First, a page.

A question I have asked myself and experienced many times. Words replaced with stilted silences, awkward looks and shuffling feet.
Treatment for cancer can be obvious and most people feel comfortable talking about their diagnosis and treatment but past that we struggle as we venture into the emotional and psychological impact cancer has. How was your holiday? How is having cancer? You can hardly use the same approach or expect the same outcome for both questions.
Cancer is a complex and unpredictable illness and much is still unknown about it and this is reflected in our discomfort in talking about cancer face to face. Cancer captures and then corrals us at the uncomfortable part of the spectrum of life. Cancer creates uncertainty and unknown. Cancer shows us that life is unpredictable and unpleasant. Cancer creates difference and difference creates difficulties in communicating and over time connections are lost and separation occurs. Once we are separated it can be difficult to connect again.
Cancer is difficult to talk about because it permeates every part of our lives, nothing remains untouched. Cancer is difficult to talk about because we may not know how to talk about cancer. Cancer is difficult to talk about because we may not know how to express the impact it has on us. Cancer is difficult to talk about because it’s frightening. Cancer is difficult to talk about because it comes loaded with powerful and intense emotions and transports our way out of our comfort zone.
When we talk about cancer we are really talking about fear. Fear of dying. Fear of suffering. Fear of saying goodbye. Fear of difference. Fear of the unknown. Fear of the future. Fear of uncertainty. Fear of rejection. Fear of change. Fear of isolation. Fear of treatment. Fear of being in pain. Fear of being helpless. Fear of side effects. Fear of being overwhelmed. Fear of saying the wrong thing. Fear of upsetting people. Fear of not understanding. Fear of the unpredictable. Fear of being hopeless. Fear of a recurrence. Fear of being powerless. Fear of not being able to help. Fear of being vulnerable. Fear of the lack of choice. Fear of not being able to do, say or achieve the things we want to.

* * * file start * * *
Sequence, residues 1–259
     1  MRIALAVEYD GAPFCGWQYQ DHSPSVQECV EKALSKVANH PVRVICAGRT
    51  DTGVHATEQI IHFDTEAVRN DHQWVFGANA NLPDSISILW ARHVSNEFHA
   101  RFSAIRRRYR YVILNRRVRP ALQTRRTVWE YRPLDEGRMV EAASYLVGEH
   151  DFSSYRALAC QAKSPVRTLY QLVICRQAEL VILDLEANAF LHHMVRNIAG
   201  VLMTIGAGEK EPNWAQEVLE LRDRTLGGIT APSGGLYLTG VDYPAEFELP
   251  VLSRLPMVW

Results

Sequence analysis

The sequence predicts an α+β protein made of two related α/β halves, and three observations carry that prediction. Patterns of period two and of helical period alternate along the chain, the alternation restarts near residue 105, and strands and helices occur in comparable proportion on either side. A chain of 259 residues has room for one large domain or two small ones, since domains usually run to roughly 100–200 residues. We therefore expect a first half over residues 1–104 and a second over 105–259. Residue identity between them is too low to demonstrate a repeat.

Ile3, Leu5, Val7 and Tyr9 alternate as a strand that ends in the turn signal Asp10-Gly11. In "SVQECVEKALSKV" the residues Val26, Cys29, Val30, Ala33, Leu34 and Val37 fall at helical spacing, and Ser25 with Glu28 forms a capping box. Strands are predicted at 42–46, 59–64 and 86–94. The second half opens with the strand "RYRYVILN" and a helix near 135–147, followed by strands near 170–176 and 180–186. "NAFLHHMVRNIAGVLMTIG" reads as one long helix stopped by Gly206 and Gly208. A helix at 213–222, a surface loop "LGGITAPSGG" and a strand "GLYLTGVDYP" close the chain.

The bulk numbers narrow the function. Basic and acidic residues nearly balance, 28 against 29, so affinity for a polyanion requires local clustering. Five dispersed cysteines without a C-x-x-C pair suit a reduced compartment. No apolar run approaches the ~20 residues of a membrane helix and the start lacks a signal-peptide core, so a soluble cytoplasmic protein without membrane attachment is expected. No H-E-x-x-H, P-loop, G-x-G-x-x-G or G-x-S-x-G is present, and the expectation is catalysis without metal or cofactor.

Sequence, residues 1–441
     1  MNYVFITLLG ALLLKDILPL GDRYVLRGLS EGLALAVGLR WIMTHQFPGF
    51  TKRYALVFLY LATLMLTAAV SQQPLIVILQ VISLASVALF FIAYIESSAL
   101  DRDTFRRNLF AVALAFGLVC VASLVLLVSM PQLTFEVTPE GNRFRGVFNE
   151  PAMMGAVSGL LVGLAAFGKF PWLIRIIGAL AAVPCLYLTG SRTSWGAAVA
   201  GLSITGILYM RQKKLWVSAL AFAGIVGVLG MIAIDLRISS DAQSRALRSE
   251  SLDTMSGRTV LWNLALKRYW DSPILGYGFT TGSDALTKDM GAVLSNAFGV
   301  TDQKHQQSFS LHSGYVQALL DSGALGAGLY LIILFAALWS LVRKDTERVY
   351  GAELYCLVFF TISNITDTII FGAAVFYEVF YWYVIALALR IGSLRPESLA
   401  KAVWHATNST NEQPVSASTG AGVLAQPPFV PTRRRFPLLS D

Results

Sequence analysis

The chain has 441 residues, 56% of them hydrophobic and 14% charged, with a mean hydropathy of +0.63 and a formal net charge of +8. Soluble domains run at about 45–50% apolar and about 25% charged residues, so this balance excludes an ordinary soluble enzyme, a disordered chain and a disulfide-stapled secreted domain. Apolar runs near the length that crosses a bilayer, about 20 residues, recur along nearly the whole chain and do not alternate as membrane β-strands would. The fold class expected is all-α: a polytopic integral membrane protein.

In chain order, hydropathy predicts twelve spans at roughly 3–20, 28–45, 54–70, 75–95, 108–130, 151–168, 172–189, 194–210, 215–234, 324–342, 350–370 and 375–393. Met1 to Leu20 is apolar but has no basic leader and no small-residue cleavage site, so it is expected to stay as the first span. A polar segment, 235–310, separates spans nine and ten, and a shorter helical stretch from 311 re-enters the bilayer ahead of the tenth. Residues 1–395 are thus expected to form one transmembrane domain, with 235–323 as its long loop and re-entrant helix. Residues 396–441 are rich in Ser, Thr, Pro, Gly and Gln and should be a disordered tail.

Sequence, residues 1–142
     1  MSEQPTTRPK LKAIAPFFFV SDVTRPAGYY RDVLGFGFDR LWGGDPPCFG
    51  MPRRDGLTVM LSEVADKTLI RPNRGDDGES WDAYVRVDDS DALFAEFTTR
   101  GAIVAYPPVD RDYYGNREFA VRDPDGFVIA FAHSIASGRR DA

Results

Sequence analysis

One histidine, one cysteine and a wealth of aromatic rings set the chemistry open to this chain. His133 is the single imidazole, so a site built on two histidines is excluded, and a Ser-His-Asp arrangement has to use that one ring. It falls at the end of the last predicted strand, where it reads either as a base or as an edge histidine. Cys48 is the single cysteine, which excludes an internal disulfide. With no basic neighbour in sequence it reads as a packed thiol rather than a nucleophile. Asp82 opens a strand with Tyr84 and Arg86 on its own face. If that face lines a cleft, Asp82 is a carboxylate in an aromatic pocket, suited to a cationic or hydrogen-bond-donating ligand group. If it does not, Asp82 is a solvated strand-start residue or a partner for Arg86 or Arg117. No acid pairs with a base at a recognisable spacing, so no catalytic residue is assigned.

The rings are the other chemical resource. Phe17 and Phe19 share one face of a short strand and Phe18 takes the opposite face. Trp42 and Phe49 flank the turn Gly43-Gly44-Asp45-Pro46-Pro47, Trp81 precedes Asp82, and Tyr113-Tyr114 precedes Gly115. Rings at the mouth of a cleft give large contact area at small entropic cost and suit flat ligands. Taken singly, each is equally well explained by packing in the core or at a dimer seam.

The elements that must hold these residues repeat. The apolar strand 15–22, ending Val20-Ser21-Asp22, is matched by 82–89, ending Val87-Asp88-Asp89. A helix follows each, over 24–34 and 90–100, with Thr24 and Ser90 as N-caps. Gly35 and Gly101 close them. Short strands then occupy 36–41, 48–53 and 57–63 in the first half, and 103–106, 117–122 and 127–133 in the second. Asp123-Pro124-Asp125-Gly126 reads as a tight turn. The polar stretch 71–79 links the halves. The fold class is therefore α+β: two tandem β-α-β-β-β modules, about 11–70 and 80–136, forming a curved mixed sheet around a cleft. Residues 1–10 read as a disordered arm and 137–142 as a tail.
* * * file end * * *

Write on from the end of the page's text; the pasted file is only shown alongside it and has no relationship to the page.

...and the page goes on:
People didn’t know what to say to me about cancer and I didn’t know how to talk about cancer, a checkmate situation. I found talking about cancer difficult because there was so much to say I didn’t know how or where to begin. I was traumatised by living with the constant dread of dying. I felt embarrassed for getting cancer. I felt a failure for not protecting my children from difficult life events and placing my daughter at risk through having chemo while I was pregnant with her. I felt guilty for not being able to be their mum while I was having treatment. I felt I had to show I was fine, if I didn’t talk about cancer and the impact it was having on me I was ok.
People didn’t talk to me about cancer because they didn’t know what to say. They didn’t want to upset me. I hated the unspoken between us and we agreed they would ask ‘how are you?’ a lovely opening question. Sometimes I talk about cancer and sometimes I don’t. This gives me the choice and they respect my choice of which direction the conversation continues. By knowing I can say something about cancer was a wonderful feeling. I don’t want to burden my friends with the more powerful emotions and worries and save these for my counselling sessions but I can say something if I want to.
Talking about cancer and the impact it has helps recovery. If we don’t tell the people in our life it remains a hidden part of ourselves and this can create negative feelings and in time a disconnection. Imagine not telling them about your holiday?
What do you find difficult in talking about cancer? What do you find yourself able to talk about with cancer? Can you talk about the physical treatment and side effects or changes to your body? Can you talk about your thoughts, your hopes or fears? Can you talk about what changed for you when you had cancer? Can you talk about your emotions, your sadness, anger or guilt? Can you talk about your behaviour, your plans or how you care for yourself? Can you agree with friends, family or colleague’s how/if/when you want to talk about cancer?
This post is part of our 'Looking Back To Go Forward' series, written by a mum called Rebecca. She was diagnosed with breast cancer while pregnant with her second child. Seven years after her diagnosis and treatment, she reflects on that time, how it affected her and some of the unexpected feelings and experiences it brought up.